Commonwealth v. Magdalenski

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Justia Opinion Summary

After a jury trial, Defendant was convicted of one count of assault and battery against his sister. During trial, Defendant’s principal contention was that his sister and her boyfriend fabricated their allegations against him in order to justify the boyfriend’s actions of attacking Defendant and accidentally injuring the sister in the process. The Supreme Court reversed and remanded for a new trial, holding that the trial judge abused his discretion in refusing to allow Defendant to pursue his theory through extrinsic evidence and examination of the two witnesses because, if the evidence was credited by the jury, it would have supported an inference of bias, prejudice, and motive to prevaricate.

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NOTICE: All slip opinions and orders are subject to formal revision and are superseded by the advance sheets and bound volumes of the Official Reports. If you find a typographical error or other formal error, please notify the Reporter of Decisions, Supreme Judicial Court, John Adams Courthouse, 1 Pemberton Square, Suite 2500, Boston, MA 02108-1750; (617) 5571030; SJC-11701 COMMONWEALTH vs. CHRISTOPHER G. MAGDALENSKI. May 22, 2015. Evidence, Cross-examination, Bias, Impeachment of credibility. Witness, Cross-examination, Bias, Impeachment. After a jury trial in the Northampton Division of the District Court Department, the defendant, Christopher Magdalenski, was convicted of one count of assault and battery in violation of G. L. c. 265, § 13A, against his sister, Bethany Magdalenski.1 In an unpublished memorandum and order pursuant to Appeals Court rule 1:28, the Appeals Court affirmed the conviction. Commonwealth v. Magdalenski, 85 Mass. App. Ct. 1104 (2014). We granted Christopher's application for further appellate review to address whether the trial judge abused his discretion in excluding evidence of the Commonwealth witnesses' alleged bias, prejudice, and motive to prevaricate. We reverse and remand for a new trial. Christopher claims that he did not assault Bethany. Instead, he alleges that he was the victim of an unprovoked attack by Bethany's boyfriend, William Graham, an off-duty Worthington police officer, and that Bethany was accidentally injured in the process. His principal contention is that Bethany and Graham fabricated their allegations against him in order to justify Graham's actions, specifically, that they were motivated to prevaricate because of Graham's concern that his own actions would have criminal consequences and professional consequences for his career as a police officer. The trial judge, however, precluded Christopher from impeaching Bethany's 1 Because the defendant and his sister have the same last name, we refer to them by their first names. 2 and Graham's testimony with an application for a criminal complaint that was filed at Christopher's behest against Graham regarding the incident; evidence suggesting that Christopher was coerced to withdraw the application because of threats and other statements made essentially by Bethany and Graham; and related evidence. The trial judge ruled that, because no criminal charges were pending against Graham, there was no occasion to consider the application, the circumstances under which it was withdrawn, or related matters. "It is a basic rule that reasonable cross-examination for the purpose of showing bias and prejudice is a matter of right." Commonwealth v. Martin, 434 Mass. 1016, 1017 (2001), quoting Commonwealth v. Martinez, 384 Mass. 377, 380 (1981). Although a trial judge has discretion to limit cross-examination when necessary, "he or she has no discretion to prohibit all inquiry into [a subject that could show bias or prejudice on the part of the witness]" (citation omitted), Commonwealth v. Tam Bui, 419 Mass. 392, 400, cert. denied, 516 U.S. 861 (1995), even where the possibility of bias is remote, provided that the theory of bias is not "too tenuous." Id. at 401. See Martin, supra. In this case, irrespective of whether criminal charges were pending against Graham at the time of trial, evidence that Bethany and Graham were aware of the application, that they coerced Christopher to withdraw his application, that they made false statements to police officers and others, and that it was Graham who was the aggressor was relevant to Christopher's theory that both Bethany and Graham had a motive to prevaricate about the events in question and were biased and prejudiced against him. It was error for the judge to prohibit all questioning along these lines. This case is markedly similar to Martin, supra. In that case, we held that the complainant's knowledge that the defendant previously applied for a complaint against her was relevant to show bias, and that "[i]t was error to bar all inquiry into the complainant's knowledge that the defendant previously applied for a complaint against her." Id. at 1017. Although the application for the criminal complaint against Graham had been withdrawn by the time of trial, the judge should have permitted inquiry into Christopher's theory that he had been coerced to do so, not because his allegations were untrue, but because of threats and false statements made by Bethany and Graham. See Commonwealth v. Ahearn, 370 Mass. 283, 286 (1976). As in Ahearn, the trial judge should have allowed Christopher to pursue this theory through extrinsic evidence and examination of witnesses because, if the evidence was credited by the jury, it 3 would have supported an inference of bias, prejudice, and motive to prevaricate. The defendant should have been permitted to question the prosecution witnesses, and offer evidence, concerning their bias, prejudice, and motive to prevaricate. The judgment is reversed, the verdict is set aside, and the case is remanded for a new trial. So ordered. Jessica LaClair for the defendant. Cynthia M. Von Flatern, Assistant District Attorney, for the Commonwealth.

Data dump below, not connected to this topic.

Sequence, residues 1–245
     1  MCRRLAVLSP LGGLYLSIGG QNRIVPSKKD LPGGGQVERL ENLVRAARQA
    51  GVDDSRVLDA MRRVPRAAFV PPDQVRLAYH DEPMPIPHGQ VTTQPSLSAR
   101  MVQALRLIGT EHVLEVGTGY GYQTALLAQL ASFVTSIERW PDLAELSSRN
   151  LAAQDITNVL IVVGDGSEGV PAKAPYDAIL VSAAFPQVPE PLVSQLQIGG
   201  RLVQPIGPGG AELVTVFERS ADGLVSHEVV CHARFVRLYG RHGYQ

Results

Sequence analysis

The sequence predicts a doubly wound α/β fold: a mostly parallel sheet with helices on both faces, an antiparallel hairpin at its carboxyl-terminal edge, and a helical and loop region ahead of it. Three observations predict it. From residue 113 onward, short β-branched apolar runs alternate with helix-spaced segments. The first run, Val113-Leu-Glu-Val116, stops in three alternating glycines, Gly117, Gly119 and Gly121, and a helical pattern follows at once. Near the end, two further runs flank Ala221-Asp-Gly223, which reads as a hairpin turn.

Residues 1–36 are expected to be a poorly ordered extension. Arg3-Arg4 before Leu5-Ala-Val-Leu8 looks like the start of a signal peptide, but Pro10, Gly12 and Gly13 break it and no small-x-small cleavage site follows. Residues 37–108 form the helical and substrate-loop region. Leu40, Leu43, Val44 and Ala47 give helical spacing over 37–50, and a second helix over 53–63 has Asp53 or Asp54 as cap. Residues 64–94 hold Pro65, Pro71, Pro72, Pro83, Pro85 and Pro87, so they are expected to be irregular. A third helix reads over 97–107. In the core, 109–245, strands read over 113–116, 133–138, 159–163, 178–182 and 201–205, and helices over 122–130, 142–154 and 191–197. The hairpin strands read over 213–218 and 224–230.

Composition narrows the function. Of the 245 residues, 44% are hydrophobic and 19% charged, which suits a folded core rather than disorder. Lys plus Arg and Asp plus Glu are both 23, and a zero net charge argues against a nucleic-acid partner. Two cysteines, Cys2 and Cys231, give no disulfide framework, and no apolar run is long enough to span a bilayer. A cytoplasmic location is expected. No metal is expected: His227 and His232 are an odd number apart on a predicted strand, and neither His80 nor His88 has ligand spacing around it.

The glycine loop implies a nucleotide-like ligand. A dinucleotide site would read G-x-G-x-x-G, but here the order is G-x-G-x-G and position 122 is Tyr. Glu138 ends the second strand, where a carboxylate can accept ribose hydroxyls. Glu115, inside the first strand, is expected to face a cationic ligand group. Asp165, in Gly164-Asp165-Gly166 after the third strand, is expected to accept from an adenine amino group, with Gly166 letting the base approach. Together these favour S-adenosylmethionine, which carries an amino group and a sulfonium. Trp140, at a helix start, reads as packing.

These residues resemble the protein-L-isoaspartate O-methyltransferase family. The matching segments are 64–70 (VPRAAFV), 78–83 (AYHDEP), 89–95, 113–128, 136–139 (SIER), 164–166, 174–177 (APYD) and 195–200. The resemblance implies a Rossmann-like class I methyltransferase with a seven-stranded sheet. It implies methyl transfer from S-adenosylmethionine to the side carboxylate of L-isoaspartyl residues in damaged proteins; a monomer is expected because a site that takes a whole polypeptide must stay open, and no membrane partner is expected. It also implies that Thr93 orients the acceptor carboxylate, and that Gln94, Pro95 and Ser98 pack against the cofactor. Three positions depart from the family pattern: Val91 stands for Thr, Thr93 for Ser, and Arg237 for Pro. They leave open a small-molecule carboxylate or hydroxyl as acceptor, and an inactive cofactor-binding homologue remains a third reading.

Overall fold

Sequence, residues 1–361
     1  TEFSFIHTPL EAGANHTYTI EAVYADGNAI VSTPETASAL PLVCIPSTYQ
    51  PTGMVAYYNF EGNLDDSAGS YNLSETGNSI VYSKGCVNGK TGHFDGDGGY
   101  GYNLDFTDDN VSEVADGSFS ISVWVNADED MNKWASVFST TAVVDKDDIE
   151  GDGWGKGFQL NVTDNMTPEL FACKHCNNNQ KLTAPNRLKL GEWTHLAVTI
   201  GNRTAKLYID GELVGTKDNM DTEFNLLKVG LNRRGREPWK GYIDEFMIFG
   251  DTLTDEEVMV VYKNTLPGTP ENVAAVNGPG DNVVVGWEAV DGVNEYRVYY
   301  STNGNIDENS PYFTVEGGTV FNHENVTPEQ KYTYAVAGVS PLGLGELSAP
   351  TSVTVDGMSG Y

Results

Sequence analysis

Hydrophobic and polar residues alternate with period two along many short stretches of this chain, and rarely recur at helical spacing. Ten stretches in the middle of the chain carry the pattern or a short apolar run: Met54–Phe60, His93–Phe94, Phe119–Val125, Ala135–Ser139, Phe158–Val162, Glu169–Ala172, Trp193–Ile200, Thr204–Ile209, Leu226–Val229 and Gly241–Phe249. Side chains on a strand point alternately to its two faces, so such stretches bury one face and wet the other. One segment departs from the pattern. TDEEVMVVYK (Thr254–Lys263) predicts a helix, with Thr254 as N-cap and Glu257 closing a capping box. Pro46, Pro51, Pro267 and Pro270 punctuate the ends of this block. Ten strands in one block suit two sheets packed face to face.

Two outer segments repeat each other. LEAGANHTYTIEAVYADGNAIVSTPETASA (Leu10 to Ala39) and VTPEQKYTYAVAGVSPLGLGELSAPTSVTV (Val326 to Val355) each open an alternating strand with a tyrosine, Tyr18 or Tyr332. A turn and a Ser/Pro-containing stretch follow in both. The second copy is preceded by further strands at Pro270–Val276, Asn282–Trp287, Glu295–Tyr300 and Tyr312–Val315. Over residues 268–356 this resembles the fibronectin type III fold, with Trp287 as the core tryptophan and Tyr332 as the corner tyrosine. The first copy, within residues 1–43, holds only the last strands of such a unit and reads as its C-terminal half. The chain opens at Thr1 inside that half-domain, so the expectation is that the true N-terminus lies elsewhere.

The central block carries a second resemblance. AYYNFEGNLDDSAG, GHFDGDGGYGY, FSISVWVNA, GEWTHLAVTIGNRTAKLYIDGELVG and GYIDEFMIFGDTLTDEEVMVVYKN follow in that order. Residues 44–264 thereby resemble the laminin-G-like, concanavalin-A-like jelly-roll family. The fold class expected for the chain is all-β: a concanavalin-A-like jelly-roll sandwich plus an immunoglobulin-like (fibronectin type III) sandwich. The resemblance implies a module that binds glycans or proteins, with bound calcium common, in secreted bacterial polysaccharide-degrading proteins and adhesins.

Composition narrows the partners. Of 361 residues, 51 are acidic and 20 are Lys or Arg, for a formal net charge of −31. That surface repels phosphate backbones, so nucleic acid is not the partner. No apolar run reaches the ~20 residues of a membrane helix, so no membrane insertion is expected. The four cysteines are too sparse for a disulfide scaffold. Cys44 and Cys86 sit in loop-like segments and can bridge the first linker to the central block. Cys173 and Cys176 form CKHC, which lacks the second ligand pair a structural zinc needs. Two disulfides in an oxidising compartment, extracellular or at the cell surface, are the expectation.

Primary Holding
The Supreme Judicial Court reversed the defendant's conviction for assault and battery because the trial judge refused to allow him to impeach the Commonwealth's witnesses.
The defendant was charged with an assault and battery on his sister. His story was that his sister's boyfriend, who was an off-duty police officer, attacked him and his sister was unintentionally injured. The defendant's story resulted in an application for criminal complaint against the sister's boyfriend. However, at some point, the defendant withdrew the complaint application, alleging that he was being threatened by the sister and her boyfriend. At the defendant's trial, he wanted to introduce evidence of the application having been filed against his sister's boyfriend. The trial judge denied the defendant's request and he was convicted. The Appeals Court affirmed the conviction but the SJC reversed, holding that it was error for the trial judge to prohibit the defendant from offering evidence about the criminal application that had previously been filed against the sister's boyfriend.
  • Jessica LaClair for the defendant
  • Cynthia M. Von Flatern for the Commonwealth

Per Curiam

Case Commentary
This decision reaffirms a criminal defendant's right to present evidence that suggests the witnesses against him are biased.